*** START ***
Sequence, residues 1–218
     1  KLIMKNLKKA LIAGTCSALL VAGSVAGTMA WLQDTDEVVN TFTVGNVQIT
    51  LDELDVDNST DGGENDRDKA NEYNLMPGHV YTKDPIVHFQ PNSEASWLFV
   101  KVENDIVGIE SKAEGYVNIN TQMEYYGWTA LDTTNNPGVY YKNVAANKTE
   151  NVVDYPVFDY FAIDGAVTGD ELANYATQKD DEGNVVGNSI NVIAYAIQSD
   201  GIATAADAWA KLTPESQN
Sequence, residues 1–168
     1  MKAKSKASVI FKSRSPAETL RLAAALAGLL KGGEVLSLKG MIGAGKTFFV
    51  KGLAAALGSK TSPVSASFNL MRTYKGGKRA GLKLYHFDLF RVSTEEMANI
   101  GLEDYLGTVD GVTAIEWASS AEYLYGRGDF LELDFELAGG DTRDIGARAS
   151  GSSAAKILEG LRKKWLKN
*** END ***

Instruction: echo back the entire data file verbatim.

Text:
Sequence, residues 1–218
     1  KLIMKNLKKA LIAGTCSALL VAGSVAGTMA WLQDTDEVVN TFTVGNVQIT
    51  LDELDVDNST DGGENDRDKA NEYNLMPGHV YTKDPIVHFQ PNSEASWLFV
   101  KVENDIVGIE SKAEGYVNIN TQMEYYGWTA LDTTNNPGVY YKNVAANKTE
   151  NVVDYPVFDY FAIDGAVTGD ELANYATQKD DEGNVVGNSI NVIAYAIQSD
   201  GIATAADAWA KLTPESQN
Sequence, residues 1–168
     1  MKAKSKASVI FKSRSPAETL RLAAALAGLL KGGEVLSLKG MIGAGKTFFV
    51  KGLAAALGSK TSPVSASFNL MRTYKGGKRA GLKLYHFDLF RVSTEEMANI
   101  GLEDYLGTVD GVTAIEWASS AEYLYGRGDF LELDFELAGG DTRDIGARAS
   151  GSSAAKILEG LRKKWLKN